Compromise of 1850 facts for kids

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The making of the American nation; a history for elementary schools (1905) (14595017308)
The United States in 1850

The Compromise of 1850 was a series of laws passed in 1850 that dealt with the controversial issue of slavery in the United States. As a result of the Mexican–American War, the United States acquired a great deal of new territory. The laws admitted California as a free state, and created the new territories of New Mexico and Utah. A dispute over the boundary between Texas and New Mexico was settled with Texas losing the New Mexico territory. It put an end to the slave trade in Washington, D.C. and made it easier for Southern slaveowners to recover runaway slaves. The compromise called for each new state to decide for itself whether it would be a slave or free state. This was called popular sovereignty, a term coined by Stephen A. Douglas in 1854 and later used in the Kansas–Nebraska Act.

Background

The Missouri Compromise, passed in 1820, was an agreement between the pro-slavery and anti-slavery factions in the United States Congress. It concerned the regulation of slavery in the western territories. It admitted Missouri as a slave state to please the South. It admitted Maine as a free state to please the North. It kept the balance of power in the United States Senate between the free states and slave states. The plan also called for slavery to be banned from the Louisiana Territory north of the parallel 36 degrees 30' north (also known as the Missouri Compromise Line), except within the boundaries of the proposed state of Missouri. It was a temporary measure that reduced the conflict over slavery. But there was continued resentment between North and South. The South resented Congress interfering with slavery. The North resented having to compromise on the moral issues of slavery. Both sides wanted the political power necessary for their issue to win. In his book Negro President: Jefferson and the Slave Power, historian Garry Wills wrote, “the South was not demanding slave representation to achieve a near-parity at the moment, but as a way of achieving majority control in the immediately foreseeable future.”

In 1849, when Zachary Taylor became president, the new territories the U.S. gained after the Mexican-American war caused the issue of slavery to become critical again. The California Gold Rush had caused the population there to suddenly increase and Californians now wanted statehood as a free state. This upset the balance of 15 free states and 15 slave states established by the Missouri Compromise.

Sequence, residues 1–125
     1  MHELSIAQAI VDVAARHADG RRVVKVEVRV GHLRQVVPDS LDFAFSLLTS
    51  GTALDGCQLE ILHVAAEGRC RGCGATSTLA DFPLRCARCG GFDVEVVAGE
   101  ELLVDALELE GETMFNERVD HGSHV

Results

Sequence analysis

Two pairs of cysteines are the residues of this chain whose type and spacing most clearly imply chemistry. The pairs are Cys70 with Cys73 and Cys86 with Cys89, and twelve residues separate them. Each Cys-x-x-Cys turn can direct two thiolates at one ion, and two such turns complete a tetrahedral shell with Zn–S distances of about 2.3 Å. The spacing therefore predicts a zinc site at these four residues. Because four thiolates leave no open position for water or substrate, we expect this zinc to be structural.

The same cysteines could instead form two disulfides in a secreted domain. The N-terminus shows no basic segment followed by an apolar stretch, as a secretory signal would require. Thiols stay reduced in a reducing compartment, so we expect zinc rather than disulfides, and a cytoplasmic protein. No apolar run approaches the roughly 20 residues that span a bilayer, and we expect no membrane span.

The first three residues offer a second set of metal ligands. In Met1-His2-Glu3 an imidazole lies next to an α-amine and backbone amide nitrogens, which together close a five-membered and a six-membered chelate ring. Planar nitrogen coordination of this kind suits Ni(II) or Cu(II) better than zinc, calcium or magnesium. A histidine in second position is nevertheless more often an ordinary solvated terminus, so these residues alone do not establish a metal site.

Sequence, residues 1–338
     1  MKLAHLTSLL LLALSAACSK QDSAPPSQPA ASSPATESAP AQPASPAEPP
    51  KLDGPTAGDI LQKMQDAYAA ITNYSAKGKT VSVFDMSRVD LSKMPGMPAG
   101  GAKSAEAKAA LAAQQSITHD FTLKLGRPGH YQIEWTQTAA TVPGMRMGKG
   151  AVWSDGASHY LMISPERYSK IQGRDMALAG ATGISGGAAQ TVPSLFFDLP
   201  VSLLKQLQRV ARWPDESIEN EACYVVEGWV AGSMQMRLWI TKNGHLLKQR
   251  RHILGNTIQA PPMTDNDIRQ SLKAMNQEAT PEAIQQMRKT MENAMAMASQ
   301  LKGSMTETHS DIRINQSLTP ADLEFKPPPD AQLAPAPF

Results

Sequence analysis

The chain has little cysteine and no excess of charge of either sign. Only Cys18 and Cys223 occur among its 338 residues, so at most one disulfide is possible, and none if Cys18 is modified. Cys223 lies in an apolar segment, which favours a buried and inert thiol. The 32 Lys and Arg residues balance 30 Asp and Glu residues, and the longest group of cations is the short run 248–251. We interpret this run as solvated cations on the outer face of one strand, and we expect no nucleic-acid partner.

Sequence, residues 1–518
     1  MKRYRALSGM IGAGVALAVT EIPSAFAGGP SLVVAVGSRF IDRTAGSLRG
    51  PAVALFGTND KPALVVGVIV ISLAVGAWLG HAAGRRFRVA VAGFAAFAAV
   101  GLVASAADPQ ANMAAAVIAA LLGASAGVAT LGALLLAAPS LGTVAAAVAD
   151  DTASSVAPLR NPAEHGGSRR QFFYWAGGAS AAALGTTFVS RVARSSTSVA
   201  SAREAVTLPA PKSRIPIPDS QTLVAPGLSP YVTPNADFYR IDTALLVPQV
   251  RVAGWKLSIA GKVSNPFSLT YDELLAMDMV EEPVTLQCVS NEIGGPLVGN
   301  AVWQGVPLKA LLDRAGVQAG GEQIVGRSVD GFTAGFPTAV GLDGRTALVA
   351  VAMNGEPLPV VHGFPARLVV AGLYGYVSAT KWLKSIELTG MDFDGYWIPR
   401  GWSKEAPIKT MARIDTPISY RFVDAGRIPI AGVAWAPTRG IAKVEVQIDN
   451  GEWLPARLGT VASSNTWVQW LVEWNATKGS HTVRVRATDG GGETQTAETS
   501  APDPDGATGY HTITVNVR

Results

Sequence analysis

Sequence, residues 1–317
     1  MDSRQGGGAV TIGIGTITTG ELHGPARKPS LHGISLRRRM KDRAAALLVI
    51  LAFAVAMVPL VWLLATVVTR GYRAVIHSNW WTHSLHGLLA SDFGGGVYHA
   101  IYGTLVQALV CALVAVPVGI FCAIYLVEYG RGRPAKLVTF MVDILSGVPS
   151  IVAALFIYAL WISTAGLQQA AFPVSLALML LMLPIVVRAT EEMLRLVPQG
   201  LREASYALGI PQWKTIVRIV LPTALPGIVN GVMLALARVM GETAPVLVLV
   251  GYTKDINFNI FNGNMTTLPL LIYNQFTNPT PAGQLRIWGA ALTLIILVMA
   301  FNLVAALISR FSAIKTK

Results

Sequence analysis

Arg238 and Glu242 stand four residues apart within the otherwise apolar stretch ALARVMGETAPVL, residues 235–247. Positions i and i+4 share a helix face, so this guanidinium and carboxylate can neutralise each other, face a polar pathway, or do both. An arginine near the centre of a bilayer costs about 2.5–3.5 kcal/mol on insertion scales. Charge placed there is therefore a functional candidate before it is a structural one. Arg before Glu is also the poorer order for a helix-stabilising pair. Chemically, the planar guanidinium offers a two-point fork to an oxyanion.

Debate

Senator Henry Clay of Kentucky presented resolutions on January 29, 1850 saying they represented the spirit of compromise that would keep the Union together. Former Vice President and Senator from South Carolina John C. Calhoun saw it differently. For a month he worked on a speech but was too ill to deliver it. Virginia Senator James A. Mason read it on the floor of the Senate on March 4. In a speech on March 7, Senator Daniel Webster of Massachusetts spoke in favor of compromise. Abolitionists in the North saw this as a betrayal and giving in to slavery interests. William H. Seward, then the Senator from New York, spoke next for the abolitionists. He claimed there was a "higher law than the Constitution," which prevented any compromise with slavery.

At the same time the House of Representatives was also debating the question. No agreements had been reached by early April so a committee was suggested by Senator Henry S. Foote of Mississippi. Called the "Committee of Thirteen" it was made up of seven Whigs and six Democrats. The committee drafted a bill based mainly on Clay's compromise resolutions made in January. Clay himself was the chairman and presented the bill on May 8.

The Compromise

Each side got some benefits from the compromise:

The North

  • Got California admitted to the Union as a free state.
  • Got the slave trade prohibited in Washington D.C.
  • Texas lost the New Mexico territory.

The South

  • Got no restrictions on slavery in the new territories.
  • While slave trading was abolished in Washington, those who owned slaves already could keep them.
  • Texas got $10 million in compensation from the federal government for the loss of the NM territory.
  • Got the Fugitive Slave Act of 1850 passed.

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